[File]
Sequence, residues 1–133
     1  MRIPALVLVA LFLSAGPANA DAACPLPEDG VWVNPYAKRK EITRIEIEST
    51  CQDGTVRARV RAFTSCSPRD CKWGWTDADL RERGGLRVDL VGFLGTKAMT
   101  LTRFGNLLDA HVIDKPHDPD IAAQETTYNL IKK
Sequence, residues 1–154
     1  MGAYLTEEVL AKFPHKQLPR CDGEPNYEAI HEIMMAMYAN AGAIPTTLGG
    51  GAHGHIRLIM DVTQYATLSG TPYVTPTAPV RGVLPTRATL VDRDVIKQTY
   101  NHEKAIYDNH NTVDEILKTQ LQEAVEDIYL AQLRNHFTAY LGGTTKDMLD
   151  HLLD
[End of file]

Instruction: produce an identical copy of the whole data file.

Sequence, residues 1–133
     1  MRIPALVLVA LFLSAGPANA DAACPLPEDG VWVNPYAKRK EITRIEIEST
    51  CQDGTVRARV RAFTSCSPRD CKWGWTDADL RERGGLRVDL VGFLGTKAMT
   101  LTRFGNLLDA HVIDKPHDPD IAAQETTYNL IKK
Sequence, residues 1–154
     1  MGAYLTEEVL AKFPHKQLPR CDGEPNYEAI HEIMMAMYAN AGAIPTTLGG
    51  GAHGHIRLIM DVTQYATLSG TPYVTPTAPV RGVLPTRATL VDRDVIKQTY
   101  NHEKAIYDNH NTVDEILKTQ LQEAVEDIYL AQLRNHFTAY LGGTTKDMLD
   151  HLLD